I catch sight of him striding through the parking lot, on his way in. I get up off my chair. I want to be standing when he arrives. It's been a year, but his hug feels like it was yesterday. He's fit and healthy, relaxed, and easy ... and powerful. This is what I'm here for (the time has come) so I quickly ante up  with some very  intimate, poignant sharing. He waits for me to finish, then smiles, saying "Let's order first!". The first of many cups of coffee arrive (Betty our waitress has her apron on now).

Over omelets, hash browns, and wheat toast, the conversation begins in earnest. It's not yet the deep, exploratory, penetrating inquiry that, given who that, given who he is, I know it will become, more sooner than later. For now, it's the necessary catch-up  items which reflect how real  life is going. And if his deep, exploratory, penetrating inquiries have but one single purpose, you could say it's to make real life work for everyone - with no one and nothing left out.

I share about what my three children are up to, and about my relationship(s) with each of them individually. I share that I coach them in pretty much the same way as he coaches me, and that it works - I mean it really  works: with honor, with aplomb, with love. I share about these Conversations For Transformation, about how I'm approaching my one thousand three hundred and fiftieth essay, about how they'll soon get their one million three hundred thousandth view. It takes a lot  to impress him. And he is impressed. But if you'd blinked, you'd have missed that look on his face of being impressed (it doesn't last too long: clearly it's not significant for him).

I share about three women in my life. I share about my Mom and what her recent passing was like for me. I share about my ex-wife, the mother of my three children, and that we've established a working communication again. It's a relief for my children to know that yes, their mom and dad will  dance together at their wedding(s). Hey! Never mind the relief it is for my children:  it's a relief for me!  Really. The third woman I share about, is a friend of mine whom I've known for forty years. He knows her well too, and at first I misinterpret another look on his face as approval. But no, it's not that: it's just acknowledgement, recognition.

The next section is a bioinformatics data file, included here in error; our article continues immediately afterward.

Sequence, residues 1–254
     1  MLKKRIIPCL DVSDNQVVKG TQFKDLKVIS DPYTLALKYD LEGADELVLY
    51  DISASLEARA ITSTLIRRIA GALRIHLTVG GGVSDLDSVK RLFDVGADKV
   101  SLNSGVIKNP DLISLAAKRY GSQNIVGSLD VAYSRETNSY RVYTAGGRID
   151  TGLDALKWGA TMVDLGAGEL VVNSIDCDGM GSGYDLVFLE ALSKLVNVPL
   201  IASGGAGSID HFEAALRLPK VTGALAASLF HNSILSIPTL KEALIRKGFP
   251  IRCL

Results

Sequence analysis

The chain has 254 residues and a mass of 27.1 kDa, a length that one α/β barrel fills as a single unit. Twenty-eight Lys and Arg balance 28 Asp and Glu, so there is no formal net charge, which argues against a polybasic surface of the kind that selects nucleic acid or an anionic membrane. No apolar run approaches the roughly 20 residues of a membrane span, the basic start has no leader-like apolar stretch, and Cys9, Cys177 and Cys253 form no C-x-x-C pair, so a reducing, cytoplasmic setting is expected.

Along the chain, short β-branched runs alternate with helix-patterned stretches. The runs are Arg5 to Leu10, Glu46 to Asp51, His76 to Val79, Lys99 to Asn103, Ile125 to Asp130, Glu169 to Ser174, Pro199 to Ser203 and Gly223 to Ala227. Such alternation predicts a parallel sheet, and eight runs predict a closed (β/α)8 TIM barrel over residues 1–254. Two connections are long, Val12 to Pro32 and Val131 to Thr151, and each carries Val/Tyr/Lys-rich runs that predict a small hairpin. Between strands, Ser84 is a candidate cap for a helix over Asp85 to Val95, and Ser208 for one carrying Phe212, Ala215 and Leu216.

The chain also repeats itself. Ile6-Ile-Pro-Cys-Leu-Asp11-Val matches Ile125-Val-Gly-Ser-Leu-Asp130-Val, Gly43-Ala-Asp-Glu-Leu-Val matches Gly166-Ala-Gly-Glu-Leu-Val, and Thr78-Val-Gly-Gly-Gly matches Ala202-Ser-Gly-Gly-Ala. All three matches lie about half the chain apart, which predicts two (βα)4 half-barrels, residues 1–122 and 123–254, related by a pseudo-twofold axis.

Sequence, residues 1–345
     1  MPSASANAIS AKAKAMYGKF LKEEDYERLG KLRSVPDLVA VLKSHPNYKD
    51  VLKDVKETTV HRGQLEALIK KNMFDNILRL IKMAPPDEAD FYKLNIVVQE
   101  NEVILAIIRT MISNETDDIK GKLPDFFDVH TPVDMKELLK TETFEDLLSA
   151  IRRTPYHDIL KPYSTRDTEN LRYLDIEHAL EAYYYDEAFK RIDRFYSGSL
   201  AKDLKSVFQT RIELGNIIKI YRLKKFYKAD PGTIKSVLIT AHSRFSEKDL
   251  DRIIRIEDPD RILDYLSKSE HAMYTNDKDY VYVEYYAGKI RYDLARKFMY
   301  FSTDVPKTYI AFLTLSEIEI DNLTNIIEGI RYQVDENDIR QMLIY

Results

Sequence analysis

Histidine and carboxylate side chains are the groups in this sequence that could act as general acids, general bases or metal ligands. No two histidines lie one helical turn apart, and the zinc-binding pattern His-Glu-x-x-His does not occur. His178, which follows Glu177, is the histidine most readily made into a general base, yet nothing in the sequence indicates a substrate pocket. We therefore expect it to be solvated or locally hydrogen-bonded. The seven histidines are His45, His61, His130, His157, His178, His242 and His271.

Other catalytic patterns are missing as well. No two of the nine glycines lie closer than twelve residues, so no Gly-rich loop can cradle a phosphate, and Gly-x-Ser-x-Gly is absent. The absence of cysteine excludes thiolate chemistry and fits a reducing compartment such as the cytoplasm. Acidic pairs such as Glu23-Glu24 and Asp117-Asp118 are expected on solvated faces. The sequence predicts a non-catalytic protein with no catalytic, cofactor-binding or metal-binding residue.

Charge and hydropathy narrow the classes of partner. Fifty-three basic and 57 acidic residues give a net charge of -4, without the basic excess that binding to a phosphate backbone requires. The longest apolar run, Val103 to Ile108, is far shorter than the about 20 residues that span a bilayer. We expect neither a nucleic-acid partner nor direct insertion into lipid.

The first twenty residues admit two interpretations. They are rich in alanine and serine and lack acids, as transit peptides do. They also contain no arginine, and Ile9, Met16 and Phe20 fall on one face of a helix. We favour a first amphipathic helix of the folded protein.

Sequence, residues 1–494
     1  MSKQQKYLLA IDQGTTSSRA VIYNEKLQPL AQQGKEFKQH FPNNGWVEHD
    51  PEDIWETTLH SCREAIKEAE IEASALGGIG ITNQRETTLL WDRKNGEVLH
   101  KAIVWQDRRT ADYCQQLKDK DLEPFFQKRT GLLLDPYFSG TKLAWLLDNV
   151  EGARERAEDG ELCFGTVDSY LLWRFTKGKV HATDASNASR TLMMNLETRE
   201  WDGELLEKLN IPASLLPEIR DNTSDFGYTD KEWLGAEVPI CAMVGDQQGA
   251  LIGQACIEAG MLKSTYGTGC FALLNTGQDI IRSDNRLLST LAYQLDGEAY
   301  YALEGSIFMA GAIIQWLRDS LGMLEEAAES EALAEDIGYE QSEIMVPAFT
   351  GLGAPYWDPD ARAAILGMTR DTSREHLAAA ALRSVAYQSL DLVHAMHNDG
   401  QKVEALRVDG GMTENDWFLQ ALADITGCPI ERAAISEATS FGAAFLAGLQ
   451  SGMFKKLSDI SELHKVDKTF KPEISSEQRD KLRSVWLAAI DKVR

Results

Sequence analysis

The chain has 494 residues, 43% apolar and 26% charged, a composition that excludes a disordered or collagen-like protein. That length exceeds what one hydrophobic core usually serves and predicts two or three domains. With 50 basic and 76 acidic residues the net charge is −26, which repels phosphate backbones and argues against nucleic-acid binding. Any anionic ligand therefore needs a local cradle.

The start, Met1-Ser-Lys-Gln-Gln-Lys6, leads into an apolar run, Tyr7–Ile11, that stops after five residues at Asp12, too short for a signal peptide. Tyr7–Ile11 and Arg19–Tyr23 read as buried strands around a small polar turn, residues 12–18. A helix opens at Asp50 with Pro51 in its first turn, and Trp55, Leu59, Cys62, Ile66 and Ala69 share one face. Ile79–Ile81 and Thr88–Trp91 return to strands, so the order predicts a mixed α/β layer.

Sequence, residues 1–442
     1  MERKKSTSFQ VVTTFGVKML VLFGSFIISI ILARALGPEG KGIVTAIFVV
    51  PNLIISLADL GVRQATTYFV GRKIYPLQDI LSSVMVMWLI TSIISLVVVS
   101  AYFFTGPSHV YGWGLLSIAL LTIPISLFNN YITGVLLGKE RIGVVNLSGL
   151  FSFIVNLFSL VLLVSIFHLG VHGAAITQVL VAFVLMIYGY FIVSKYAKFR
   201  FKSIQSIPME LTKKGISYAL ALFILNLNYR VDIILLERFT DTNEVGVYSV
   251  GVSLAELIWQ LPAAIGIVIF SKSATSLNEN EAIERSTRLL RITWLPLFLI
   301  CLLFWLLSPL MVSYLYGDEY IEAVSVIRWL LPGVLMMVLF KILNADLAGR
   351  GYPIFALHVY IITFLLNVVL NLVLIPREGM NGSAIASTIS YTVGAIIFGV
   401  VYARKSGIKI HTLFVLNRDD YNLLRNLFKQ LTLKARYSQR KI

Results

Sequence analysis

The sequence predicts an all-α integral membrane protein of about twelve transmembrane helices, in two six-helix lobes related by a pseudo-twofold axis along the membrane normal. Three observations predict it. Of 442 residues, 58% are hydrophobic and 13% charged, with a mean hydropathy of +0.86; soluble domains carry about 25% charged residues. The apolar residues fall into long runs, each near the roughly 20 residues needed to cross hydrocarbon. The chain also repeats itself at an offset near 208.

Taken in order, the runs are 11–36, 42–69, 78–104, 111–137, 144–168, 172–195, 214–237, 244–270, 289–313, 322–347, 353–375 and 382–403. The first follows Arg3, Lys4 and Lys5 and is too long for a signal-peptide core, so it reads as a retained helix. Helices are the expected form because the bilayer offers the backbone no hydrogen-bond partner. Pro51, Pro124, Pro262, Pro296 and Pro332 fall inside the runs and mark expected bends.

Punctuated by falsetto Doo-Wop "ooo hooos"  (if you get how they occur for me, it's a simply lovely juxtaposition) we talk about people who lead while not coming from their word. We talk about people who once  led coming from their word, and now do so no longer. An interesting option emerges (not a great option but an interesting one nonetheless): whomever you gave your word to, can release  you from your word (that's another facet of the jewel of who we really are as our word).

All of the above is transformational in a way that breakfasts usually aren't, such is the milieu  we're meeting in. But it's when I ask him a question about the nature of his personal  transformation, that I am, for the first time in this conversation, blown away. I tell him I have a question for him (which I'm keeping confidential in this account) for which I myself already have an answer but I want to listen where he's coming from  when he  answers it. So I ask it. Then I listen. He answers. And I'm blown away. I ask him "How do you do  that?". He says (almost casually) "I made it up.". "You ... made  ... it  ...up!?"  I say, astonished bordering on incredulous. "I made it up" he repeats, then seamlessly segues into "... where ... you  .... are." His sheer intention surges deep into my being. It's like a million volt lightning bolt.

I'm silent. There's nothing I can say - which is to say I can't  say anything. There's nothing for  me to say. Disconcertedly, I reach for my coffee cup (only to distract from my awkwardness, my momentary ill at ease)  and without looking down into it, raise it to my lips to take a sip. It's dry. There's nothing in it. My cup is empty.